starring Harry Belafonte, Anthony Hopkins, Sharon Stone, Lindsay Lohan, Martin Sheen, Helen Hunt, Christian Slater, Emilio Estevez, Laurence Fishburne, William H. Macy,
Demi Moore and Elijah Wood
written and directed by Emilio Estevez
This is a great film. You must see it. It features an all-star cast, but the story doesn’t settle for long on any one character. The film is about the day that Robert F. Kennedy was assassinated in The Ambassador Hotel, in Los Angeles, California in June 1968. It is not about the assassination itself, or about Bobby Kennedy himself. It is more about the lives of the people in the hotel on that terrible day and how the historic event touched their lives. In that way, it is a skillful study in human anthropology. Additionally, the film carries a message about the nobility of public service, a message that Robert Kennedy and his older brother, President John Kennedy firmly held. Or, at least, the gloriously uplifting, charismatic and enervating Kennedy rhetoric made it sound that way. You don’t hear talk these days about the nobility of public service like what you used to from the Kennedys. Oh, sure, you do hear it. But there is a widespread cynicism in American society towards government, public service and social duty that too often makes it seem like a dirty word, or a depraved career choice.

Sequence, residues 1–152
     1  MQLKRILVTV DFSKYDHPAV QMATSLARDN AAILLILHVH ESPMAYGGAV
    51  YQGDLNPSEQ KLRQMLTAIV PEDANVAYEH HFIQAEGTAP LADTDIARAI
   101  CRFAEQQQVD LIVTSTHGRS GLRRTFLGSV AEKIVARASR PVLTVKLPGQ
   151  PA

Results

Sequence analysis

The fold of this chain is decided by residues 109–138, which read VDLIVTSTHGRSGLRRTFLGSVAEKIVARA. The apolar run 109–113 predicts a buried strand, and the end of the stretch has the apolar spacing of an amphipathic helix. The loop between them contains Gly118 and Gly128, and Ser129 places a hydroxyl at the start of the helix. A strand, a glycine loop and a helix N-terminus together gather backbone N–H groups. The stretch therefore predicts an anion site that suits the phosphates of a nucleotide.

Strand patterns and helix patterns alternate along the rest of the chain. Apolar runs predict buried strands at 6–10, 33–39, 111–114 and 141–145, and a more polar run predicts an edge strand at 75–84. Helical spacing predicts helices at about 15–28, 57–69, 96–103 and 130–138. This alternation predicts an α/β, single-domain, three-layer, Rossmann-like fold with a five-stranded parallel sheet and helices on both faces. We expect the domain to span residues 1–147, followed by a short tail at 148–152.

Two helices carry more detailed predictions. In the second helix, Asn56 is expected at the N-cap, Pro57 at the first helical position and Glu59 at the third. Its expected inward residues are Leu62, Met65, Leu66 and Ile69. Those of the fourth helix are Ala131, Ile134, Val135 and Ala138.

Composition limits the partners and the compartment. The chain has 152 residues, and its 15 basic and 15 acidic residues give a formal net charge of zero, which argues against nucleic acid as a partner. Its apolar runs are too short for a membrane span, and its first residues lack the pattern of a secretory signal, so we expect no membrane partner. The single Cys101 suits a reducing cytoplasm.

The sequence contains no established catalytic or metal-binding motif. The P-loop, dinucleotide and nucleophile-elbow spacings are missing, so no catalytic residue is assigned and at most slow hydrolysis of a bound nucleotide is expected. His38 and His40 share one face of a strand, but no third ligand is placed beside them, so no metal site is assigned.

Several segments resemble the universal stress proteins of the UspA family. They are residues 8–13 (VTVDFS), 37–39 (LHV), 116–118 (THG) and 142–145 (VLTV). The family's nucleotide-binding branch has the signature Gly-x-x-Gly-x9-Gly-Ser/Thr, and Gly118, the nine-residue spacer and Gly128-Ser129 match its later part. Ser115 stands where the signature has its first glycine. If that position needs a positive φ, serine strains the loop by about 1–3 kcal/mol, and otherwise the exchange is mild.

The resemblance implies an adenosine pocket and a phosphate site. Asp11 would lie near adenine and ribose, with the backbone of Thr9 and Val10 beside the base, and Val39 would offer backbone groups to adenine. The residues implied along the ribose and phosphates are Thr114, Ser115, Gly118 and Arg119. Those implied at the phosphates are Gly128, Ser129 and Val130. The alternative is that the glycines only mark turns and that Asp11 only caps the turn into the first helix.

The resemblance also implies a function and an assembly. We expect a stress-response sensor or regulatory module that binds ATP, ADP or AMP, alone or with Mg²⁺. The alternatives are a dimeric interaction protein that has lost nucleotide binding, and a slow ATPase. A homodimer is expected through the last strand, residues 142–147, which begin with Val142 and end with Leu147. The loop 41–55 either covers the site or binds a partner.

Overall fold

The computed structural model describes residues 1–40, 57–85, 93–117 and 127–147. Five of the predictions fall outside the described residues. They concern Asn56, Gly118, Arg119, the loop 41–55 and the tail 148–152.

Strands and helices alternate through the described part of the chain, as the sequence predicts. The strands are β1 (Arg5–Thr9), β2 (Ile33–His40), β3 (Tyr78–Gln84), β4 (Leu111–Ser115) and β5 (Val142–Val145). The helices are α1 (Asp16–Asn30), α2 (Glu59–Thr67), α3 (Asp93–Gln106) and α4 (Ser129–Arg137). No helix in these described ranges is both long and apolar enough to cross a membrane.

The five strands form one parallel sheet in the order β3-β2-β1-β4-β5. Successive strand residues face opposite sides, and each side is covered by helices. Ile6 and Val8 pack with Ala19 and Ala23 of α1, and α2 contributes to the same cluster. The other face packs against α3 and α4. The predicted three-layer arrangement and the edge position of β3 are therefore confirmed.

Estevez uses a nice mix of period music and original television clips of the Senator to give a feeling for 1968. 1968 really was a terrible year for America - the deaths of Martin Luther King, Jr. and Robert Kennedy, race riots in Los Angeles, police riots in Chicago, the Black Panthers, the Tet Offensive in Vietnam and the worsening quagmire in that conflict. 1968 has been describes as a“hole in time:” The Beatles White Album, the shooting of Andy Warhol, the death of Brian Epstein, Charles Manson and the election of Richard Nixon. I started Kindergarten. There was a lot of stuff going on.